Habitat Project Accomplishments
Lower Columbia salmon and steelhead trout occupy 2,300 river miles across 18 subbasins and the Columbia River estuary. Habitat was estimated to have declined 30-90 percent at the time of the initial Endangered Species Act listings in 1998. While restoration of all lost habitat is impractical and unnecessary, recovery does require protecting functioning habitat and restoring habitat in high-priority areas.
Partners have implemented more than 800 projects in the region, but the pace of restoration is incremental. Recent funding increases have supported large-scale habitat restoration projects in key watersheds such as the South Fork Toutle, Cispus, Coweeman, Grays, and East Fork Lewis Rivers.
Habitat restoration may be outpaced by ongoing habitat losses. A recent analysis of land-use programs in the East Fork Lewis River revealed that land-use programs fail to evaluate impacts to habitat conditions and watershed processes, a key assumption in the recovery plan. Instead, programs are designed to address legislative or legal mandates, which do not always align with regional salmon and steelhead priorities. These conclusions highlight the importance of working with local, state, and federal land-use managers and regulatory agencies to improve protection of watershed health.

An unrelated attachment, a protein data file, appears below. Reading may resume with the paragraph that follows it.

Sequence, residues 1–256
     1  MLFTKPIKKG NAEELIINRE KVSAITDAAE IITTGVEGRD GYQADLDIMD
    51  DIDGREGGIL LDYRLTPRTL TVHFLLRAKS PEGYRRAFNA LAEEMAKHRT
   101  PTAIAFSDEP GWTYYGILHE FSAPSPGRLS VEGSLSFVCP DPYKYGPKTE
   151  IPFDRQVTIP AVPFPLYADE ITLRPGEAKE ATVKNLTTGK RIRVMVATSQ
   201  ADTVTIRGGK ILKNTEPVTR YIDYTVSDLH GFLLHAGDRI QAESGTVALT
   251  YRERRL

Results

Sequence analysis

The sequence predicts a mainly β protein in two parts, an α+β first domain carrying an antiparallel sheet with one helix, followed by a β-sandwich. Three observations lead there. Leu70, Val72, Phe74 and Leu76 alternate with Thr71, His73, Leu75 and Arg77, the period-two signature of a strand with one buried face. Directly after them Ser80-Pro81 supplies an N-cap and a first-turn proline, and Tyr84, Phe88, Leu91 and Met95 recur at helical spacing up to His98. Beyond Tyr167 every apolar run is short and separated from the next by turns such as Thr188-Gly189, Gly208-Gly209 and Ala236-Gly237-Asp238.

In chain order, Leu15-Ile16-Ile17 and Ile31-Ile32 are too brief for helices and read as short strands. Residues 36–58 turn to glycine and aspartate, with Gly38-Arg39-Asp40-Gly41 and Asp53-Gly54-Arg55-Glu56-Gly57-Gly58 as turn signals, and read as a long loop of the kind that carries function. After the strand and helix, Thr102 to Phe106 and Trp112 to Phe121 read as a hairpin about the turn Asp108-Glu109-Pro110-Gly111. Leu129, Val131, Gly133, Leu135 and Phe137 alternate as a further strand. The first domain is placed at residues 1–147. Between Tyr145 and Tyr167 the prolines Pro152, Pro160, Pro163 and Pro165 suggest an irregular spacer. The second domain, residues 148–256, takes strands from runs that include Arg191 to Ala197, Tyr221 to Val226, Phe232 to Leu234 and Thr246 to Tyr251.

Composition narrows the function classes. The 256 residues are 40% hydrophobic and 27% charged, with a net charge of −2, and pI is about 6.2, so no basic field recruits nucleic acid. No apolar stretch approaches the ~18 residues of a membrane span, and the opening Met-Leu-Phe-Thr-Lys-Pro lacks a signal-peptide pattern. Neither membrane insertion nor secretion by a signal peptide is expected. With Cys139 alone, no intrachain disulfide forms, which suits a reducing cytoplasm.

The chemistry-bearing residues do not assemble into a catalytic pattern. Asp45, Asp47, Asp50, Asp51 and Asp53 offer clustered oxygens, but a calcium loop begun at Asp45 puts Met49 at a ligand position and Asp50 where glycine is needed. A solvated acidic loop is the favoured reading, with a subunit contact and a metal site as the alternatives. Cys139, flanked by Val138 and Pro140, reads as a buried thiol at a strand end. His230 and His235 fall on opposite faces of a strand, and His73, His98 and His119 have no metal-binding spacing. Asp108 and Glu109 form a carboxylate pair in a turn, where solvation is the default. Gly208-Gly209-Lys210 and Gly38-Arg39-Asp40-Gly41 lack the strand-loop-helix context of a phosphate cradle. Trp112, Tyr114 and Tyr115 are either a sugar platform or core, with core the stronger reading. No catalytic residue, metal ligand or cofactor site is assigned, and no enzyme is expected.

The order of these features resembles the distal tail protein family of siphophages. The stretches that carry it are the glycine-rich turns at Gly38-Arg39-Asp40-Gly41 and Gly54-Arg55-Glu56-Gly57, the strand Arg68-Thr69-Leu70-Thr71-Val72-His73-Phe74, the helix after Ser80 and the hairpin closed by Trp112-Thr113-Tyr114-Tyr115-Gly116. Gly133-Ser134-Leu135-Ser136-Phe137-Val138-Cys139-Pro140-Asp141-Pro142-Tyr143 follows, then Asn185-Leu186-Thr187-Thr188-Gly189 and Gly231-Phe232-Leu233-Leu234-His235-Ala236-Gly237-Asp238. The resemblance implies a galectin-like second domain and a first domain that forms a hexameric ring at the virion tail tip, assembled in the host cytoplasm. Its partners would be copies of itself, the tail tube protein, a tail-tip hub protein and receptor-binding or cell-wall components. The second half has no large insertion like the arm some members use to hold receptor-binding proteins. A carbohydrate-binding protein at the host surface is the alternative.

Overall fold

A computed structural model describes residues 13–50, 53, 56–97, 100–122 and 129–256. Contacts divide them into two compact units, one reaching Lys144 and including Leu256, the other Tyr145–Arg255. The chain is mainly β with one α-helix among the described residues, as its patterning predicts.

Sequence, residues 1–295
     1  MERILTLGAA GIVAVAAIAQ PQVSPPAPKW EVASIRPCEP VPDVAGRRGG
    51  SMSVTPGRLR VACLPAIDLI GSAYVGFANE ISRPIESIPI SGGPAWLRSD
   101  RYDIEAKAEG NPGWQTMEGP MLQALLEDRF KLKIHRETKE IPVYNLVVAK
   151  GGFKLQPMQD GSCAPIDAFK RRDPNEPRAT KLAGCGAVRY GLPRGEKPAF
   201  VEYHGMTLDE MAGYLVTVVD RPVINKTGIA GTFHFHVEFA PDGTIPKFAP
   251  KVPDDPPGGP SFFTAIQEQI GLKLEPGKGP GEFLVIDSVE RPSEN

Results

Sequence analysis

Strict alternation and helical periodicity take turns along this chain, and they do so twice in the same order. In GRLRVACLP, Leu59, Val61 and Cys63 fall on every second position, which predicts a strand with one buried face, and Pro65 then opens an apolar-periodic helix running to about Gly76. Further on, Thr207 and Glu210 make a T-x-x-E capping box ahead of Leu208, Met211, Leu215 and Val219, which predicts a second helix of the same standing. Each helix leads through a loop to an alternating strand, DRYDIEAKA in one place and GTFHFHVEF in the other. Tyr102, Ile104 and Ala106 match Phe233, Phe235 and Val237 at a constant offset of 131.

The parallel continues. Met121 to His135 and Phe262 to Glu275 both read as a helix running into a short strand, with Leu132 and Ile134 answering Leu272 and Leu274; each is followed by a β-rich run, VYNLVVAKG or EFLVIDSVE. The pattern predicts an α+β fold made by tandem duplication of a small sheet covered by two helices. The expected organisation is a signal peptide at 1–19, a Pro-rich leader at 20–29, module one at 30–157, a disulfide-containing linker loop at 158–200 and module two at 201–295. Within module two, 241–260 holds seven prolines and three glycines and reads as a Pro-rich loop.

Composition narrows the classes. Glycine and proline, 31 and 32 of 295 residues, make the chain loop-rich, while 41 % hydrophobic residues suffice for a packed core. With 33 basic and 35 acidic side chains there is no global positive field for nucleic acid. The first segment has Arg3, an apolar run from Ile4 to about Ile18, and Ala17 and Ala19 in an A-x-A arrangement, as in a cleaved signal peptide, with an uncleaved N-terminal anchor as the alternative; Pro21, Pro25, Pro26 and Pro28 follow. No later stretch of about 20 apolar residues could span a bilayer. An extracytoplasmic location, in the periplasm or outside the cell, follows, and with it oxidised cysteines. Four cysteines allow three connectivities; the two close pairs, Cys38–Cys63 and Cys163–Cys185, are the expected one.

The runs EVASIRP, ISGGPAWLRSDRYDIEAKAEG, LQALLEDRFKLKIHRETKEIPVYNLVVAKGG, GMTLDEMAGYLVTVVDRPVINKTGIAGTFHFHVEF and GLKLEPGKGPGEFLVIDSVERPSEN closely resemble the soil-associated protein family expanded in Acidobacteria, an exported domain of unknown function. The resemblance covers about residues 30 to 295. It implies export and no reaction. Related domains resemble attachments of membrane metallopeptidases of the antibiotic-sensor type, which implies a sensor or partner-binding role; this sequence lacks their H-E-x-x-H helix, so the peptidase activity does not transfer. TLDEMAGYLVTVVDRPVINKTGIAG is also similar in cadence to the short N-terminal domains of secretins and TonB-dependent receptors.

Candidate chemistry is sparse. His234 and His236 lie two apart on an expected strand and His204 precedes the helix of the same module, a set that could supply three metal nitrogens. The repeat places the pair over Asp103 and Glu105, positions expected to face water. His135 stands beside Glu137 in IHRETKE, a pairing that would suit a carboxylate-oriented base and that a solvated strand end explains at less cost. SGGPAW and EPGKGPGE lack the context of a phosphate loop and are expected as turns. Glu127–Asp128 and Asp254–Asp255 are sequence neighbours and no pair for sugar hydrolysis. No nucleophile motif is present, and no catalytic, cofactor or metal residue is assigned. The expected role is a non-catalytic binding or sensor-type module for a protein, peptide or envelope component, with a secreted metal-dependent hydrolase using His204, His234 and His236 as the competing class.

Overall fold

- 487 miles of stream made accessible
- 438 blockages, impediments, and barriers impeding passage
- 2,065 estuarine and near-shore acres treated
- 1,407 riparian acres treated*
- 151 riparian stream miles treated*
*Riparian areas are streamside forests, wetlands, and vegetated areas. ”Treated” usually means fenced to exclude cattle, planted with native trees and shrubs, removed invasive plants, or a combination of them.